29 October – 20 December 2003

Following our first exhibition with Diango Hernandez (* 1970) in 2001 (together with his partner Francis Acea as Ordo Amoris Cabinet), we are now presenting the comprehensive, hitherto unexhibited drawings by the Cuban artist, who now lives in Italy. We are also showing a number of new works.

“Mama could you give me birth again, I make a mistake” is written in ink on one sheet, on another a man is throwing up at the computer: “My race is sick” is written there. Again and again you recognize Hernandez’ face integrated into objects and events in his surroundings, in dreamt-up situations and absurd relationships. The artist himself, with a shark’s fin, stands at the window smoking, or has his hands and feet in buckets of water. Personal slogans such as “Art disappoint us” appear alongside weighty German terms such as “Kernlosigkeit” or “Geist/Masse” from books by Karl Marx. These are followed by a hand-made cannon, then a hand, whose shadow can be seen to resemble a devil, then some underwear. And so on.

Diango Hernandez took his time to discover drawing: at first, in particular, there were sketches for objects and installations on which he worked together with Francis Acea as OAC – for example the hand-made antennas shown here two years ago. Gradually drawing developed into Hernandez’ independent, everyday work, increasingly mirroring the artist’s personal realm of thoughts. Sometimes two, sometimes fifty sheets a day. Not a single one was destroyed. “Every day they became a larger part of me and I am sure they are a kind of extension of my body.”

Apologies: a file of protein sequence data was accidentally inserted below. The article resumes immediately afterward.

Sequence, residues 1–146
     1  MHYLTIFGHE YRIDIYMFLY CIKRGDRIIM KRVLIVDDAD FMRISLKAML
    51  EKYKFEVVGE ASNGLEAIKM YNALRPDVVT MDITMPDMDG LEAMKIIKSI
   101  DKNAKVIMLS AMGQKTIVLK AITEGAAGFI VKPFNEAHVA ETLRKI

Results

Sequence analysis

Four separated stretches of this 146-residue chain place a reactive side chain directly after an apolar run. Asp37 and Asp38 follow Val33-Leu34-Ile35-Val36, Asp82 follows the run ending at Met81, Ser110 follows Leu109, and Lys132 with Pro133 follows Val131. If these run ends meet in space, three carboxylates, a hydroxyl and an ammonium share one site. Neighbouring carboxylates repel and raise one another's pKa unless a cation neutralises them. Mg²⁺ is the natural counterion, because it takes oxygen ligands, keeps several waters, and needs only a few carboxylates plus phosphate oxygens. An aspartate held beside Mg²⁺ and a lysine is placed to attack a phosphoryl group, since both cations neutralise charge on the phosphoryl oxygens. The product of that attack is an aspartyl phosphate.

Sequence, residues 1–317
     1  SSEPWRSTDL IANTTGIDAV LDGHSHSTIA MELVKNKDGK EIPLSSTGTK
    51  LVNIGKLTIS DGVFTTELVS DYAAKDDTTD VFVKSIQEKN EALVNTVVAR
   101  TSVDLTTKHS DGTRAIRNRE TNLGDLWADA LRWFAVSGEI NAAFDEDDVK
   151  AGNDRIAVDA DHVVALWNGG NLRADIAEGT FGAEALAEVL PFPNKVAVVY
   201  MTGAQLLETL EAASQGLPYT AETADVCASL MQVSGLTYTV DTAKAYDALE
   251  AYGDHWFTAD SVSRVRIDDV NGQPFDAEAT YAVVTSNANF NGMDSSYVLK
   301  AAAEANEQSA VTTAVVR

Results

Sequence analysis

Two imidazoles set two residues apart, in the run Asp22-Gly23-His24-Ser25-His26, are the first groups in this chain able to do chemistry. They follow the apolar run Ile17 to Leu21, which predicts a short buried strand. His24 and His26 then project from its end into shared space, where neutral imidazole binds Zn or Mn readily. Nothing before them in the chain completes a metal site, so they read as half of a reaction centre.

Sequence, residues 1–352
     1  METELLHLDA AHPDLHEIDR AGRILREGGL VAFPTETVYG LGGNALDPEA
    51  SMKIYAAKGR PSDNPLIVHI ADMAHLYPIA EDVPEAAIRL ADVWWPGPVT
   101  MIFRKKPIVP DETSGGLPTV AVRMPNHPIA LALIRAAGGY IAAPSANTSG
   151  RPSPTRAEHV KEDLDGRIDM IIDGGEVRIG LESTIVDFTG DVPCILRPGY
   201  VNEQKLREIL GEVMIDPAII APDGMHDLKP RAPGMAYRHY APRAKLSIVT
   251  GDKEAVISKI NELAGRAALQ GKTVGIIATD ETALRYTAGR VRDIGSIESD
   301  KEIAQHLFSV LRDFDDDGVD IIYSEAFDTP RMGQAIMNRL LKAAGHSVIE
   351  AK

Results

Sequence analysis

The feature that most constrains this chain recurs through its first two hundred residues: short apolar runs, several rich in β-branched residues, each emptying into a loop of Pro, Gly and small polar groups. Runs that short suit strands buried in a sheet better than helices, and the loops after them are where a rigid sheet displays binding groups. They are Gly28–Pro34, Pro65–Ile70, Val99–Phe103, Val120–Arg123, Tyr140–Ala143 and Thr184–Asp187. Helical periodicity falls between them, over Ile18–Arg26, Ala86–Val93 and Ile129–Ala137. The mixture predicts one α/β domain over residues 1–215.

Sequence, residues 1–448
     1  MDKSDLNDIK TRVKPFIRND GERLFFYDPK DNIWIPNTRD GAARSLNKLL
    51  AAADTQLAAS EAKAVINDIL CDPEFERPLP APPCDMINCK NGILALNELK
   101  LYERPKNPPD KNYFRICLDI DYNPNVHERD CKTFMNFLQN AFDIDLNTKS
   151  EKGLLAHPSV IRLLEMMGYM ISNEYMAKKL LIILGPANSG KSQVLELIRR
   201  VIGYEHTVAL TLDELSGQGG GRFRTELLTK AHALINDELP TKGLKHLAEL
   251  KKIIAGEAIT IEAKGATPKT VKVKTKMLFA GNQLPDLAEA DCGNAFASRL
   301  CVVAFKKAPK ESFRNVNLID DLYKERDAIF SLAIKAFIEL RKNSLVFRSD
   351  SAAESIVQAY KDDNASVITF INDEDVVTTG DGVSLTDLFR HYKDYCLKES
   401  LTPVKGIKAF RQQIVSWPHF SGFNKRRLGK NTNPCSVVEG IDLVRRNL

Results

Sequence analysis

Simple project sketches, comic-like episodes, impressionist dots of colour, texts.With a simple, yet exact line Hernandez ventures into the cast-off existence in a world whose banality and brutality seems to disturb, but also to amuse him. He uses every kind of paper available and permits crude combinations of techniques and materials; water colour, ballpoint pen, ink, oil, found and glued-on elements – everything is possible. The involvement with drawing takes place in full view on the pages themselves, taken as a whole they are a very personal studio for dealing with life, whether it takes place beyond the artist’s window or in his head.

Diango Hernandez, as in the installations by OAC, is searching for the sincerely-felt beauty of the imperfect, the improvised, or put abstractly, the crisis. Known as a Cuban permanent state of affairs, but familiar to everyone else in the comparatively perfect Western world, this kind of recognition is a means to live with the constantly unfulfilled promise of a better future, to which they react with obsession, humour and subversion. In this light in particular, those drawings which Diango Hernandez was forced to either tear out or blacken any ambiguous elements or texts on leaving Cuba, stand out as authentic testimonies.

New, recently-completed works supplement the exhibition and transpose some of Diango Hernandez’ ideas into a three-dimensional world.

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